- The S&P 500 Index increased by 1,000 points, about 74%. (Levitation works. Too bad about employment, good jobs, pension plans, savers, small businesses and middle America...)
- Silver dropped from nearly $50 in April 2011 to about $18 in February 2017, down about 63%. (A rally too far and too fast, followed by a deep correction.)
- Gold dropped from over $1,900 in August 2011 to about $1,240 in February 2017, down about 36%. (Don't let gold reach $2000 and fantasize all is well in central banker land. Read "Fed Up.")
- The silver-to-gold ratio declined. The next major moves should be rallies in silver and gold, a correction in the S&P 500, weak growth and a repeat of stagflation.
Business As Usual: The U. S. government borrowed and spent, and the Federal Reserve bailed out the largest banks. Students, auto owners and corporations increased their debt loads, and newly "borrowed into existence" dollars levitated the stock and bond markets. Debt enlarged, fiscal and monetary nonsense prevailed, banker bonuses increased, pension plans were crippled and savers were hurt by near-zero interest rates.
Bonds Turned Down: Bonds turned down last July, and stocks could correct at any time. Trillions of digital dollars could disappear in days if stock and bond markets collapse, but the debts will remain.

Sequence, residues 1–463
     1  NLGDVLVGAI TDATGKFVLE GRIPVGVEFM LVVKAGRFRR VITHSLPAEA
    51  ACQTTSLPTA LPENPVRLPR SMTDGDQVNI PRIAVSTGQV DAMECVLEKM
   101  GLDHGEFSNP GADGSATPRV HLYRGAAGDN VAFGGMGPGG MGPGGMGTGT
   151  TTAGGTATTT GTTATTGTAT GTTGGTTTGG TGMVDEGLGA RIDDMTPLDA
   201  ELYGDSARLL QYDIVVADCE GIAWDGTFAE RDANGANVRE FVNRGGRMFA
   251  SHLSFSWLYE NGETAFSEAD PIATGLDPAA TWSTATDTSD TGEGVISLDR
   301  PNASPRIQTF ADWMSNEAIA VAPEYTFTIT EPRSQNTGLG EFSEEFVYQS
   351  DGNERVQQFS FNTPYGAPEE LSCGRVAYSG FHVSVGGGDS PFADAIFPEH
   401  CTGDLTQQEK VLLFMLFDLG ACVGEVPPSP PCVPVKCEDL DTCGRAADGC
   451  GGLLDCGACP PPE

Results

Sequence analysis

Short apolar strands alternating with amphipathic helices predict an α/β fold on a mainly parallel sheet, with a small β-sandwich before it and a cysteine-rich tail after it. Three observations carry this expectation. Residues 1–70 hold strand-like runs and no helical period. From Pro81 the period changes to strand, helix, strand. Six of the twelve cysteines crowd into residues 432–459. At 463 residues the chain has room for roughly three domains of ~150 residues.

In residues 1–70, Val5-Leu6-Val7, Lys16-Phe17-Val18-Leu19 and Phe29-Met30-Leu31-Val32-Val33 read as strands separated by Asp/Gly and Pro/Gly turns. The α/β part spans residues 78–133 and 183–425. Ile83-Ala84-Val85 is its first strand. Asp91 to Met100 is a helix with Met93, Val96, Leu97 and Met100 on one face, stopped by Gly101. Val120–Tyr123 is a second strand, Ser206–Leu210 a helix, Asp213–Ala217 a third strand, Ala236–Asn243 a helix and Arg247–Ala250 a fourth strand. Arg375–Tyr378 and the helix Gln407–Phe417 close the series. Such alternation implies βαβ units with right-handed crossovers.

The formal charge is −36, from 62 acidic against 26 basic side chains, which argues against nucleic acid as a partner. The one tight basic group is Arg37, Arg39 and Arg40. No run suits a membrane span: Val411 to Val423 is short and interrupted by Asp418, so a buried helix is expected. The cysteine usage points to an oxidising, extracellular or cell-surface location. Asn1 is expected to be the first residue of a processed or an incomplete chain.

Regardless of how quickly and harshly the fiat currency, bond, and stock bubbles collapse, gold and silver will remain real money and valuable.
"I view gold as the primary global currency."
- Alan Greenspan
The United States in Early 2017
Equities sell for all-time highs and at historically high valuations by many measures. Bonds have probably entered a bear market, like the 1970s. Equities trade in the zone where we should expect a correction or crash, even though central banks are blowing bubbles and levitating markets via direct purchases and ever-increasing debt.
Interest rates bottomed in July-August 2016 and probably finished a 35-year bull market. Rising interest rates will hurt government finances, real estate purchases, derivatives, corporate stock buybacks and central bank credibility. Remember the 2008 crisis and read Charles Hugh Smith regarding a "Shrinking Pie."
Silver, gold and their mining stocks turned upward after their December 2015 lows. New all-time highs lie ahead.
The Return of Stagflation
- Expect higher interest rates, lower stock prices and more political turmoil. Debt ceiling debates, increased military spending, more wars, tax increases, token budget cuts and other issues such as the dreaded transgender bathroom controversy will occupy our leaders.
- Expect aggressive national participation in the "blame game." Blame will be directed toward Russia, China, ISIS, Trump and Obama.
- Expect the S&P 500 Index and the Dow Jones Industrial Average (NYSEARCA:DIA) to correct and possibly crash toward normal valuations.
- Expect the economy to grow slowly or decline due to overwhelming debt. A weak economy + higher prices = Stagflation!
- Expect a vicious repeat of the "stagflation" of the 1970s, but with prices rising far more rapidly than incomes, except for the top 1%.
- Expect silver, gold, mining stocks and the silver-to-gold ratio to rise rapidly in 2017 and 2018.
- Expect melting snowflakes in late spring and summer.